June 12, 2005
June 12, 2005
June 15, 2005
10.228.1 - 10.228.14
Assessing applications for Solid Modeling (CSG) in Architectural education Dr. Stan G. Guidera
College of Technology Bowling Green State University, Bowling Green, Ohio
Abstract This paper discusses the functionality of solid modeling and proposes approaches to utilizing solid modeling to develop course content that emphasizes the conceptual applications of computer modeling over application-specific CAD coursework. More importantly, the paper discusses approaches for structuring these activities to emphasize the integration of content covered in other courses. Assignments from an introductory 3D modeling course are used to illustrate how solid modeling was used to foster content integration from architectural history and construction methods courses.
Competency in computing has become a pre-requisite for securing employment in architectural practice. However, Architecture schools have been criticized for failing to provide sufficient technical education and preparation for the realities of practice . While deficiencies in knowledge-development related to construction and building technologies has often been a specific point of criticism , schools have more recently been challenged with developing a strategy to address skills related to digital media in general and CAD skills more specifically. While it has been proposed that the mandate of architectural education is to cultivate skills in life-long learning and that practice is where students develop technical knowledge , this is at least to some extent inconsistent with the reality that “technical competence in computing technology has become a condito sine qua non of landing a job at a respectable architectural practice”. The challenge faced by architectural educators is highlighted by the ever increasing scope of content that must be addressed, including CAD skills, and, according to Mark , “ a central problem to educational programs is how to make room for computer-related technology and at the same time not replace time-honored parts of the curriculum.”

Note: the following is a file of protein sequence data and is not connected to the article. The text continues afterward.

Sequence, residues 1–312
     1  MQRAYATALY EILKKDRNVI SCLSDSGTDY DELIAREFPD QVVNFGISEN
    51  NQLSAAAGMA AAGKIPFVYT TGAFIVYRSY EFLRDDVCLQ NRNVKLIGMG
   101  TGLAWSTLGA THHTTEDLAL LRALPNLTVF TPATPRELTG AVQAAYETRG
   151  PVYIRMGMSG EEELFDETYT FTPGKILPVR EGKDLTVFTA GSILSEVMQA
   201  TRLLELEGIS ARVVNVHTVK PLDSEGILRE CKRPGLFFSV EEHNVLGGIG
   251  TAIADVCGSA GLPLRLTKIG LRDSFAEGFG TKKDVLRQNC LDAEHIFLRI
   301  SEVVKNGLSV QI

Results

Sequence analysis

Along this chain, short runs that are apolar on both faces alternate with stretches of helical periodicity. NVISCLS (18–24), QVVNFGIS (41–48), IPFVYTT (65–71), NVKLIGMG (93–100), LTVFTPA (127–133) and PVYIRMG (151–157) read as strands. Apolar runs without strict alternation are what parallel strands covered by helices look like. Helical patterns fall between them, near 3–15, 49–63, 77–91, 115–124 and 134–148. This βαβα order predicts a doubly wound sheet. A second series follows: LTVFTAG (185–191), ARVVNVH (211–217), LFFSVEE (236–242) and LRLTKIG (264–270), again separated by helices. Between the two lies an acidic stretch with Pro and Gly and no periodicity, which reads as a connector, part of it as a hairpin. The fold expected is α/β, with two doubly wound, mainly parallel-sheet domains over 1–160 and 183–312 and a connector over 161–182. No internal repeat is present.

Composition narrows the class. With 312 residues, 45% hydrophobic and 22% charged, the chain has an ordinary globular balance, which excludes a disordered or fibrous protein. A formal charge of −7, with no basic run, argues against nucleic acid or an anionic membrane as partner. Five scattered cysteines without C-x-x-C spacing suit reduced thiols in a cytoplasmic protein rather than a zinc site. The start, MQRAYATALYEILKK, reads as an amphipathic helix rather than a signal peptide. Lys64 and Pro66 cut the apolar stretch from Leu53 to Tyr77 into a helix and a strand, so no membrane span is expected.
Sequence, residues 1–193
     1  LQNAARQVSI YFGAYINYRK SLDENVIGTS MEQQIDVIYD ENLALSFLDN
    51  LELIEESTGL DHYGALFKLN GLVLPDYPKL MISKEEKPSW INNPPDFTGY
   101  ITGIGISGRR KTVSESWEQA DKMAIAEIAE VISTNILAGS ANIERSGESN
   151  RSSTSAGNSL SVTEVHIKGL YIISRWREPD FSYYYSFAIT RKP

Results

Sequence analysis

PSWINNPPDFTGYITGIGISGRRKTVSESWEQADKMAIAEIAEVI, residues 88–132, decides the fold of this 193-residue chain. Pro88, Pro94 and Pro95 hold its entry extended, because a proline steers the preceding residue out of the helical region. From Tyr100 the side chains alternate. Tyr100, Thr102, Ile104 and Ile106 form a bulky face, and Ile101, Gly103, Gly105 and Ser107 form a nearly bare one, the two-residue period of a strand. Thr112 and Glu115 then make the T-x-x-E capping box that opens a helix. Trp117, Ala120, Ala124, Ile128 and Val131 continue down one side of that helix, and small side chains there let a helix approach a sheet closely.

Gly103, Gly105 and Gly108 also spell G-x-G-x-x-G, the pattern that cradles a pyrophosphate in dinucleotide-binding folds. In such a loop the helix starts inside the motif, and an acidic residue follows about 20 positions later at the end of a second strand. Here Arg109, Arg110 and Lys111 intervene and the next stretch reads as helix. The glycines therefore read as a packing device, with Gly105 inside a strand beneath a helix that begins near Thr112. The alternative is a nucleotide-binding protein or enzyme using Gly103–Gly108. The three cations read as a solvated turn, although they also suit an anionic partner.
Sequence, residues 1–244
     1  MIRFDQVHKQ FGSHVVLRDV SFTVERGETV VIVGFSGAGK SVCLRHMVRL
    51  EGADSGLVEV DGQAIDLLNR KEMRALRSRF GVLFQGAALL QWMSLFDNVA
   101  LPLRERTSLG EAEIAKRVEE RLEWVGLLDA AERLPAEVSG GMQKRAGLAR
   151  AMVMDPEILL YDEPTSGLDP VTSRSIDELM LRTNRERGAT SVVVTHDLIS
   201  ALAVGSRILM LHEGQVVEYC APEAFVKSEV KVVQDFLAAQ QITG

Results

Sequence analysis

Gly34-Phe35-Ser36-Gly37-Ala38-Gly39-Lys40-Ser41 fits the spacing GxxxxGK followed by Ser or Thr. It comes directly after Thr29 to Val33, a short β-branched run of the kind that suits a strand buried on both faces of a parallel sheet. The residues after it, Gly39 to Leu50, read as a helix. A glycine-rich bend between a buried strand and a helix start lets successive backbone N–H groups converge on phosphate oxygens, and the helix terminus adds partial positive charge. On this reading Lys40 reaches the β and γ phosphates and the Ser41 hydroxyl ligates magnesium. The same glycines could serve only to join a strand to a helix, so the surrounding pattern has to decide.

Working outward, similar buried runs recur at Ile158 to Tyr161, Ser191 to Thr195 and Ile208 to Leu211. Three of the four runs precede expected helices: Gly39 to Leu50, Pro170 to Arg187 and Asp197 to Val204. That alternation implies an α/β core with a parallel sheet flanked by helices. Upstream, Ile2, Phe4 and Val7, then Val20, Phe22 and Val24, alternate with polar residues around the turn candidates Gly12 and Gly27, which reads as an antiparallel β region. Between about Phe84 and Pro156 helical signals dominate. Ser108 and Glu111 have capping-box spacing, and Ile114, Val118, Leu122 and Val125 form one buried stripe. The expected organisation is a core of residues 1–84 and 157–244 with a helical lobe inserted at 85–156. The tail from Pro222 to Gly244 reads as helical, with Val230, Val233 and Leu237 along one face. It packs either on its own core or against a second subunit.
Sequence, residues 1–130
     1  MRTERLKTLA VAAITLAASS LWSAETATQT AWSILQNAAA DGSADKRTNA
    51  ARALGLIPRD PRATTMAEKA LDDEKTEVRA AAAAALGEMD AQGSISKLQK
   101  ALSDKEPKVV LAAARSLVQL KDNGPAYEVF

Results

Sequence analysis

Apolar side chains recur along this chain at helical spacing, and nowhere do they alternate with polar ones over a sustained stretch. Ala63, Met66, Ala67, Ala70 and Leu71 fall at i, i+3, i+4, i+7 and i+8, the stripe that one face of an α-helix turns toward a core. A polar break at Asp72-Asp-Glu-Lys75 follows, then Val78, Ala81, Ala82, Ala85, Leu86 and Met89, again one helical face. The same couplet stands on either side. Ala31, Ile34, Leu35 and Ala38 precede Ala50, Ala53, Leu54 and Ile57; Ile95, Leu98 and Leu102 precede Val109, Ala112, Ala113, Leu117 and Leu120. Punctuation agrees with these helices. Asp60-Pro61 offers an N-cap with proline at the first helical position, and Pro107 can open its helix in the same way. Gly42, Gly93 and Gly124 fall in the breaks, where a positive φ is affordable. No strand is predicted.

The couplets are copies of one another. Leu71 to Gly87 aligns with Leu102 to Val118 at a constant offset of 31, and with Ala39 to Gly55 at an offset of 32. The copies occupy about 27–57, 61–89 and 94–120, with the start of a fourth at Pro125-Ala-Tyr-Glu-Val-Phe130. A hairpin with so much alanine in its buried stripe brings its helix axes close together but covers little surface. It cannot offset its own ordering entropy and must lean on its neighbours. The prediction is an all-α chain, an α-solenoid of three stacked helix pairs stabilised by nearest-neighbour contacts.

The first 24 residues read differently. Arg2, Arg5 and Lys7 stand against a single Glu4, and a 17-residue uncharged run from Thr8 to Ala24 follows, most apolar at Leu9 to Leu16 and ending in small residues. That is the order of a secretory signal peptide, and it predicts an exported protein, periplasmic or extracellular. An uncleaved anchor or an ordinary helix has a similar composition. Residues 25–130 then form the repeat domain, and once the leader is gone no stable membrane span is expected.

Much of the focus on computing in architectural curriculums has been on the role of CAD and digital media in support of design studio. CAD can provide an effective and sometimes necessary tool to facilitate creation of complex forms that may not be buildable or even documented using conventional representation tools  , and the embrace of computer modeling in the design studio among some students and educators is a logical extension of the widely publicized utilization of computing tools by “star” architects and designers.
“Proceedings of the 2005 American Society for Engineering Education Annual Conference & Exposition Copyright © 2005, American Society for Engineering Education”
Guidera, S. (2005, June), Assessing New Applications For Solid Modeling (Csg) In Architectural Education Paper presented at 2005 Annual Conference, Portland, Oregon. https://peer.asee.org/14527
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